Wednesday, August 15, 2007

Divorce and ADD- Connection?

Children that come from divorced families are twice as likely to be prescribed attention-deficit disorder medication, than children whose parents are still married. Of the children with married parents, only 3.3% were prescribed Ritalin. From divorced families, 6% of 633 kids received this treatment, according to a Canadian study. This study began in 1994, with 4,700 families with children, and parents who were not yet divorced. Then, these families were frequently checked up on, to record the status of their marriages, and what their children were being prescribed. Researchers aren't yet sure why children of single parents are more likely to receive medication like Ritalin, and other mood altering drugs. But, there is definately some connection here, don't you think?

Monday, August 13, 2007

Stress Actually Making Us Fatter?

We all know stress can make you eat right? Although sometimes, stress will make you not eat. Well, a new study finds that stress can be fattening. As stress levels grow, so might your belly fat. A study done at Georgetown University states that there is a hormone called neuropeptide Y that promotes the growing of abdominal fat. The researchers found that stress triggers the release of this hormone. While some scientists try to come up with yet another pill that will block this hormone, the rest of us could try and reduce stress in drug free ways. For instance, relaxing our minds and bodies would help. Try mindfulness meditation or relaxation response. Also, subliminal messaging has been known to work for many individuals.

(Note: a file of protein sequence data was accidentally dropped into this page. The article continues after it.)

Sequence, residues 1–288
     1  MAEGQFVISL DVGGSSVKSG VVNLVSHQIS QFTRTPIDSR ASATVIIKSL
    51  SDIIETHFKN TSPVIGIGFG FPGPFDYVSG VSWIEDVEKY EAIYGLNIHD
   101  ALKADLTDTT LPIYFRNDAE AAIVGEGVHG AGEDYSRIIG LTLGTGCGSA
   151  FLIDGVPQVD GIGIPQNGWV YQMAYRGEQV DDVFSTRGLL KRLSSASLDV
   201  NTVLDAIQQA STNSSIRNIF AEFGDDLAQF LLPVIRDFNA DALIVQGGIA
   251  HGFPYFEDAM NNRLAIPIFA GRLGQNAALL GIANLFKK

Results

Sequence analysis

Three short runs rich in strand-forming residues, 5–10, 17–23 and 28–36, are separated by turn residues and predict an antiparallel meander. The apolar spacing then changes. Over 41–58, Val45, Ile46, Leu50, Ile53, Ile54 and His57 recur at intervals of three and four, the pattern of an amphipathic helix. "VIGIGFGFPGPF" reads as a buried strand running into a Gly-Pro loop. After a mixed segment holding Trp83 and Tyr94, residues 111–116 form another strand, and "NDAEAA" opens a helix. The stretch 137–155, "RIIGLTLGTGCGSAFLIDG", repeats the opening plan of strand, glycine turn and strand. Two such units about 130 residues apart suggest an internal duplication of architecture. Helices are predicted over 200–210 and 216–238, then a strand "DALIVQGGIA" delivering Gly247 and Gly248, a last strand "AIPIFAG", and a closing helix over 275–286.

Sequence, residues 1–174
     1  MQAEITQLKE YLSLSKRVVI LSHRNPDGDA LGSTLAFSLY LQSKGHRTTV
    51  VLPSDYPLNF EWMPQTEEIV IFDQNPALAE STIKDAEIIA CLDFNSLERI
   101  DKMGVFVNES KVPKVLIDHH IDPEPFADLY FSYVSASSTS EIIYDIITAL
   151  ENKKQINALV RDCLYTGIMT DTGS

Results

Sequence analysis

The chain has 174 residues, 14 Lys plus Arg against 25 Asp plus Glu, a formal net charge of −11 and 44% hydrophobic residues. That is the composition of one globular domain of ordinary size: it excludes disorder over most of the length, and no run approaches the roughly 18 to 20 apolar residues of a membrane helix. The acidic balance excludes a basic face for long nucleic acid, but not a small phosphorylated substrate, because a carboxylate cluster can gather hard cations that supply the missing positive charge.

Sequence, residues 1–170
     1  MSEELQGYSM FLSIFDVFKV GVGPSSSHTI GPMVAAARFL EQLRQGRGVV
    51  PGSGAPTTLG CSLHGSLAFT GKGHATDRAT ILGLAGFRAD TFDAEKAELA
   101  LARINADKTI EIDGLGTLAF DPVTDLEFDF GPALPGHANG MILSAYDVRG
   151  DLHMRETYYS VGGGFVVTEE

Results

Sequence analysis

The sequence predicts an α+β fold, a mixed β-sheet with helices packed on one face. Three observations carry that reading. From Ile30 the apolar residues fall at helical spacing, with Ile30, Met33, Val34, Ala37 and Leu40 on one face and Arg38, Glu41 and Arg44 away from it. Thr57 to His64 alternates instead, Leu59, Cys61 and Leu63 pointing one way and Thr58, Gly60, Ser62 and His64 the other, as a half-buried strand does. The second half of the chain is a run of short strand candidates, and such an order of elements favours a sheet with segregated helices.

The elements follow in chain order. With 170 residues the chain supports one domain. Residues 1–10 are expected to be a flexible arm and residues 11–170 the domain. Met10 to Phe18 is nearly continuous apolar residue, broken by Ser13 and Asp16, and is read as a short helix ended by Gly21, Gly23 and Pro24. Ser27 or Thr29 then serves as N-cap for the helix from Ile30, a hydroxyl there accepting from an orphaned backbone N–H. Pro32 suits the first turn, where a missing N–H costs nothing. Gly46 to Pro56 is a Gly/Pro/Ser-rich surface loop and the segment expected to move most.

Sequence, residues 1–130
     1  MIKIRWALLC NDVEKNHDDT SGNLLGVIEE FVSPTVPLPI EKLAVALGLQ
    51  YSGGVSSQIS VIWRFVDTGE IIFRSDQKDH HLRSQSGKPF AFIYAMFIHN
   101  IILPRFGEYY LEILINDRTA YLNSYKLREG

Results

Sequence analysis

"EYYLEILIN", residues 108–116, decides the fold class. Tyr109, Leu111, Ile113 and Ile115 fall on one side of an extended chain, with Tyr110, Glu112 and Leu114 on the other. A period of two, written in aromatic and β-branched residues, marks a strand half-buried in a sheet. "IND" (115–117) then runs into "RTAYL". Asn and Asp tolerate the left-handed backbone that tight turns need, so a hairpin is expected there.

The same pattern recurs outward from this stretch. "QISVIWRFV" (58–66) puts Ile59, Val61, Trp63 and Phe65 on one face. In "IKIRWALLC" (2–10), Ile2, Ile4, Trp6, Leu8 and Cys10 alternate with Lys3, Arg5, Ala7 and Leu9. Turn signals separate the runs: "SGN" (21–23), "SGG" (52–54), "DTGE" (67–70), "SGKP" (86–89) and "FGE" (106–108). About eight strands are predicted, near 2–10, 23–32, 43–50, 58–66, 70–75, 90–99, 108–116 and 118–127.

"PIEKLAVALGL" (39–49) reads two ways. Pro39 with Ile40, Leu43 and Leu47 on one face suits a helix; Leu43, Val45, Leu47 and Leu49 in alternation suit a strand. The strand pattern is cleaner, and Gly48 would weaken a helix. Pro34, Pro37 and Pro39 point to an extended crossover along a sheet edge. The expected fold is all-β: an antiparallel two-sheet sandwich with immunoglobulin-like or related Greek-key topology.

Tuesday, August 07, 2007

Girl Talk leading to Depression?

Girls have always been known to tell their friends basically everything about themselves. From who they have crushes on, to whom they think are the prettiest girls, and so on. Up until now, we have had no reason to believe that this "sharing of information" was unhealthy in any way. Indeed, there has been new research done stating that excessive discussion of "problems" and "stuff" will strengthen friendships, but take a very emotional toll on girls ages 8-15. Non-stop venting about popularity, crushes, and personal issues could lead to anxiety and/or depression for girls, but not for boys. The results of this study may be reflecting the tendency among girls to blame themselves when guys don't call them back right away, or they don't get invited to "the party." Apparently the more they talk about it, the more anxious and depressed it makes them. So, is it really better to share feelings, rather than keeping them "bottled up inside?" Students were surveyed twice, six months apart. Researchers used questionnaires to assess students' anxiety, depression, and friendship quality, and tendency to relay their problems. Ultimately, they found that students with emotional difficulties were more likely to ruminate about their problems. Then, examined the effect this had on the students emotional well-being and friendships. While the boys had no changes in feelings of depression or anxiety, the girls felt worse, although the change was a modest one. Basically, girls are at risk of this despite having strong supportive friends. This supports findings that support groups can reinforce eating disorders or delinquent behaviors. Most people think having similar social support wold be a positive thing, but putting people with similar issues together doesn't necessarily make anything better.

Thursday, August 02, 2007

Laughter is the Best Medicine!- It's True